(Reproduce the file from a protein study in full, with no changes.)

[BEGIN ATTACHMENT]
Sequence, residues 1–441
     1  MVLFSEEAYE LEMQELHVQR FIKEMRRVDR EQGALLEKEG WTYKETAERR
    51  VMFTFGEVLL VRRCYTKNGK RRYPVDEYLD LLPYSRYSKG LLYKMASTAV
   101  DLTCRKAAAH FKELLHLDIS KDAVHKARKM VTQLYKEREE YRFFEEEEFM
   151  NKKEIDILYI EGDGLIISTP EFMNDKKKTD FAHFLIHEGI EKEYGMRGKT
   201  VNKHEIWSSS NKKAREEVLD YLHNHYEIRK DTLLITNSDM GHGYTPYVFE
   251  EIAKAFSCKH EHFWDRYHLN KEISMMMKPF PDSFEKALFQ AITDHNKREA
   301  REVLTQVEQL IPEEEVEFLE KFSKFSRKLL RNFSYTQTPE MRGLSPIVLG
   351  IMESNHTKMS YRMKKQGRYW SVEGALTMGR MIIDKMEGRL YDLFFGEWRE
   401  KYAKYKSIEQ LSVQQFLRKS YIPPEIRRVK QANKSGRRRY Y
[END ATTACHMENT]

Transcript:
Sequence, residues 1–441
     1  MVLFSEEAYE LEMQELHVQR FIKEMRRVDR EQGALLEKEG WTYKETAERR
    51  VMFTFGEVLL VRRCYTKNGK RRYPVDEYLD LLPYSRYSKG LLYKMASTAV
   101  DLTCRKAAAH FKELLHLDIS KDAVHKARKM VTQLYKEREE YRFFEEEEFM
   151  NKKEIDILYI EGDGLIISTP EFMNDKKKTD FAHFLIHEGI EKEYGMRGKT
   201  VNKHEIWSSS NKKAREEVLD YLHNHYEIRK DTLLITNSDM GHGYTPYVFE
   251  EIAKAFSCKH EHFWDRYHLN KEISMMMKPF PDSFEKALFQ AITDHNKREA
   301  REVLTQVEQL IPEEEVEFLE KFSKFSRKLL RNFSYTQTPE MRGLSPIVLG
   351  IMESNHTKMS YRMKKQGRYW SVEGALTMGR MIIDKMEGRL YDLFFGEWRE
   401  KYAKYKSIEQ LSVQQFLRKS YIPPEIRRVK QANKSGRRRY Y